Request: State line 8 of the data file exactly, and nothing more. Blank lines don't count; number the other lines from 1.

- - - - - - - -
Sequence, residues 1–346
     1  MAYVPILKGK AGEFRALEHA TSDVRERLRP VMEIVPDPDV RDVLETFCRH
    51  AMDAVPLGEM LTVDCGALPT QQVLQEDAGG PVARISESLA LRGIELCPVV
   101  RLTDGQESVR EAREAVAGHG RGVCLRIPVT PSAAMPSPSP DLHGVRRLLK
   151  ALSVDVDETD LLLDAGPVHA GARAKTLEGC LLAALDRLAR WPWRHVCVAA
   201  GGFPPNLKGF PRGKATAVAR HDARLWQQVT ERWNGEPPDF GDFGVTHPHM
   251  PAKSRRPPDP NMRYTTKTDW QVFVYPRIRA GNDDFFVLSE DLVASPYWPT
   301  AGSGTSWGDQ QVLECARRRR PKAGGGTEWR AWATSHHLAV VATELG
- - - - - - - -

   301  AGSGTSWGDQ QVLECARRRR PKAGGGTEWR AWATSHHLAV VATELG